So I took my one fly, met up with a friend who had never saltwater flyfished before (Jim Curry a fellow AAPGAI flyfishing instructor) and took to the road. The AAPGAI World Tour of New Zealand (South Island) as we affectionately described ourselves.
Our first location will remain nameless. Not because it was so, nor because it's a secret, rather simply because I can't recall the name.
It was an estuary somewhere half way up the West Coast. It looked fishy – if that counts for anything (which it doesn't) - and by all accounts there should have been sea-trout, kahawai and mullet there (all of which are fish). There may even have been so.
We did meet this dude when we first arrived, who was netting the place - which alarmed us greatly, until he took great pains to point out, that if he ever catches a sea-trout, which of course he never does, he immediately returns it unharmed and doesn't knock it on the head and eat it. He obviously thought we were officials (a mistake anyone can make - especially with our hats on).
This chap, I'd like to point out, single-handedly removed all of the mullet from the estuary.
After he had raped the estuary and gone home, both Jim and I flyfished into the darkness. The tide was high and rising. Neither or us had a take. A couple of things did happen though:
Firstly, I nearly got washed away (much to Jim's amusement) and, just after darkness had fallen, Jim whispered:
"Paul; do they have seals in New Zealand?"
To which I whispered back, "Yes Jim, they have seals everywhere… why?"
"Just shine your torch down there for a moment."
And I did and right beside him was a large black rock.
Later that night, around the campfire, Jim and I got to discuss where we had gone wrong. At some point during the proceedings, we came to the conclusion that none of these fish were worth catching anyway and that we would much rather catch a fish of our own… The Mugwai.
From this point onwards our saltwater quest took on new dimensions and although we presented a large Deceiver to a plastic bag eating trout, our saltwater flies remained largely untouched.
Until, that is, our tour took in Dunedin Harbour.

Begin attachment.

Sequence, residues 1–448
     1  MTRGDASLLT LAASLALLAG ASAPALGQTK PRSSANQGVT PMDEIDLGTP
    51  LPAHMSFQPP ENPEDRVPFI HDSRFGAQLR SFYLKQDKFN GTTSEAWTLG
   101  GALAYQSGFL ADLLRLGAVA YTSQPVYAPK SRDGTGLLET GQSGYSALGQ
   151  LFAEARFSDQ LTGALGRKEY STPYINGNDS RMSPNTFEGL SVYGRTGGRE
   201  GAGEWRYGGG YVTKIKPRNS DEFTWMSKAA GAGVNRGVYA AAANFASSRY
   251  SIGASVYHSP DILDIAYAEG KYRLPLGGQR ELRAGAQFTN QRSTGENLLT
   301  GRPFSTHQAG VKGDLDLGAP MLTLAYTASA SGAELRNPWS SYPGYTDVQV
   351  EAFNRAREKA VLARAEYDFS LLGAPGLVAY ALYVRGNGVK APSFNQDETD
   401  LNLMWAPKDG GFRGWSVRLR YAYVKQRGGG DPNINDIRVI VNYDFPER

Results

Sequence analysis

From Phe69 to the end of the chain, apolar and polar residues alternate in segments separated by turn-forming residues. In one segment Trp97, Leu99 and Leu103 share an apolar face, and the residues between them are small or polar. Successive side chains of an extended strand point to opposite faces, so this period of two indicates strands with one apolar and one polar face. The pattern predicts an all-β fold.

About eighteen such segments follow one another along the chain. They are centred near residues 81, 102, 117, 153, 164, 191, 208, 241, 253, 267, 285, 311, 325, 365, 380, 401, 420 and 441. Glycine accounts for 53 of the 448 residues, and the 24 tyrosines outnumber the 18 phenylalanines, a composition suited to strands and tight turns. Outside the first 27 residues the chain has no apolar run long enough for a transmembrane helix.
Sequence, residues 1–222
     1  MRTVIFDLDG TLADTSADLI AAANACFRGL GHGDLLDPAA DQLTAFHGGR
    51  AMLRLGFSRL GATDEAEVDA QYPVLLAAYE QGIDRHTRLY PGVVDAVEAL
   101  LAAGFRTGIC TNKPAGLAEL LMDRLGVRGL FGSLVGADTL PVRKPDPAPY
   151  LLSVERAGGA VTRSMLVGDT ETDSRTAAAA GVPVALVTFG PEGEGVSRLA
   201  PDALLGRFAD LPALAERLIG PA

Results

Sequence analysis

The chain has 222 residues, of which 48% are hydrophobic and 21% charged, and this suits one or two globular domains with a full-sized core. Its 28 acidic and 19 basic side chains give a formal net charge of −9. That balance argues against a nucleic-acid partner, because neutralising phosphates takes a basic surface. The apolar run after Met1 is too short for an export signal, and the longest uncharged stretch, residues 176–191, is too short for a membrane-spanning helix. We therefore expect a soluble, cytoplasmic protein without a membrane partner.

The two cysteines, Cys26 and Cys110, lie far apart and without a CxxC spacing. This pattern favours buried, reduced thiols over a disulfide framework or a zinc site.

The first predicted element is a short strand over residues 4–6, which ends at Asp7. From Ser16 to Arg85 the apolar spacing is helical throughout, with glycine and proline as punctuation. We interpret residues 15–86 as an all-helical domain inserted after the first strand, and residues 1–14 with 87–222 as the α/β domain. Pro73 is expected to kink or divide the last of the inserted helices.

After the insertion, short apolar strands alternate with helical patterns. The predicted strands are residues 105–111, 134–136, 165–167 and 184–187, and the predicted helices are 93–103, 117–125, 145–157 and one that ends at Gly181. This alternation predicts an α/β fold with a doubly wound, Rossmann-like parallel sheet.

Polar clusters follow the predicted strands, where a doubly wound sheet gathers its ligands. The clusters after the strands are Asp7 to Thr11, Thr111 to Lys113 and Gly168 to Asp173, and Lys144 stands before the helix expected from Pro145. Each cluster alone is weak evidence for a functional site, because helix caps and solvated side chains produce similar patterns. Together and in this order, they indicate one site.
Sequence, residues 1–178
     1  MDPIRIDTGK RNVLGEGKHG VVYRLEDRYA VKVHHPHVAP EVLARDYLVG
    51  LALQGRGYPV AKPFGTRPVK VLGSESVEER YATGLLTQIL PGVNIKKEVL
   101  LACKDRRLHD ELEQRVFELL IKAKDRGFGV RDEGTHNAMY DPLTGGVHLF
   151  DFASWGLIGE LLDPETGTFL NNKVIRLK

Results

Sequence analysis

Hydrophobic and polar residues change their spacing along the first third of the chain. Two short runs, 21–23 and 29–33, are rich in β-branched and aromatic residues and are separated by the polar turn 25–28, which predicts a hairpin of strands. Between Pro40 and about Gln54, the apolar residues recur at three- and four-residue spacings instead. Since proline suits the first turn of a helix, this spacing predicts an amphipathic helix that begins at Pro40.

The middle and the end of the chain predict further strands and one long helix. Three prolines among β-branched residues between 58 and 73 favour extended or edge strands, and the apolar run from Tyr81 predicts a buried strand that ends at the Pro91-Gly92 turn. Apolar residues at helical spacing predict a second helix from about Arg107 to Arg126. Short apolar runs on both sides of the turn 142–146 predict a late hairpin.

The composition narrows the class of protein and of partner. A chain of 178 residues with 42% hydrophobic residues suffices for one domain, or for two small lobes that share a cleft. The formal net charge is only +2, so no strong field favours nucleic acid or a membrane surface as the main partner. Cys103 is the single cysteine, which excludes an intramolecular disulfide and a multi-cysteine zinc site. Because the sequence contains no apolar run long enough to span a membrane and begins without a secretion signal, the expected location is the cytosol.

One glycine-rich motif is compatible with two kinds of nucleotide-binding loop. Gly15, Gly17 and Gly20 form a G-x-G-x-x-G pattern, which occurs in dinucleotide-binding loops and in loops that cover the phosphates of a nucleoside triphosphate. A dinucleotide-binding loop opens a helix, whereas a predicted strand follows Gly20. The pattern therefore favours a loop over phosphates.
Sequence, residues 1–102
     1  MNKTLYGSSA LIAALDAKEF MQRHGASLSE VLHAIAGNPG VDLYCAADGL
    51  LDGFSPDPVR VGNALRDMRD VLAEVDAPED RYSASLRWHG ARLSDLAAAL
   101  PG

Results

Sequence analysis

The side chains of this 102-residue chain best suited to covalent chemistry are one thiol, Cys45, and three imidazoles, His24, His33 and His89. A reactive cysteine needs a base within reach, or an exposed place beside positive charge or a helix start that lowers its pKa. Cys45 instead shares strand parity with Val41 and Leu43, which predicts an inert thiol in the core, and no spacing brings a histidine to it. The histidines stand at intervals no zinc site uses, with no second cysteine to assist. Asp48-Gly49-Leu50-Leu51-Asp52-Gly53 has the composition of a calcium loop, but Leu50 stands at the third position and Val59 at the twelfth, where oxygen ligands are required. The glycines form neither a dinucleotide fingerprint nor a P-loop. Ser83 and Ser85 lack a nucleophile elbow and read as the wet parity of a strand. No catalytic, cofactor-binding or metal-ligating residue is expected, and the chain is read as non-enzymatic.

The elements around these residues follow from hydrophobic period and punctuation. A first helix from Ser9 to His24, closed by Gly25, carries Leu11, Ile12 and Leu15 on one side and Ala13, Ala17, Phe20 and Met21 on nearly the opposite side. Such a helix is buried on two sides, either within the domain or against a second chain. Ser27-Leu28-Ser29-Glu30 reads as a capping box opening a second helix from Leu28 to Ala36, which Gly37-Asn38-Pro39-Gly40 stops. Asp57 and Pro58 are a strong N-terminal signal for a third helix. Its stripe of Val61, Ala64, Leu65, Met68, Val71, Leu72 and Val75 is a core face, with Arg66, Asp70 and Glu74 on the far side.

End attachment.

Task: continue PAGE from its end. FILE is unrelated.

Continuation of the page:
We had a brief try in the basin itself. I looked for a feature of course and found a jetty off which we caught nothing (as expected) and so we drove to the nearest tackle shop for some local expert advice.
Apparently there are salmon, barracuda and mackerel in the harbour and we were directed to the place where, "if this was America boys, they'd be lined up shoulder-to-shoulder it's so damned good."
Out of this nirvana, Jim foul hooked a baby fish and tried to claim some degree of success. Other than this nothing notable happened. It was evening and the tide was on the flood.
Lastly our tour took in the estuary of the Mataura River. "Full of sea trout and possibly mugwai." The tide was out and so were all the fish.
Now look, both Jim and I are professionals, especially Jim, and we both make a handsome living out of teaching flycasting and trout fishing. We understand fish behaviour and we know the signs to look for when fish are feeding.
I have never seen any sort of intense saltwater activity and I have been doing this on and off for seven years. Occasionally I've seen the odd baitfish leap out of the water followed by a chase of a trevally in the Noosa estuary. But that's about it and on the AAPGAI World Tour, neither of us saw any activity and came to the conclusion that there just weren't any fish anywhere.
So I've asked The Panel some pretty awkward questions:
I'd like to get specific with these questions. I'm going to concentrate on estuaries for now and would welcome some advice here. There are kahawai and seatrout in the estuaries.
- "when should I be fishing these places in relation to time of day and time of tide? Does it matter?"
- "how do you cope with waves? and...
- any mugwai flyfishing tips?"
I felt that the mugwai in particular was a splendid question. The last questions seemed to have them all in agreement apart from Gary, of course, who suggested I fished Canada - which I am now seriously considering btw…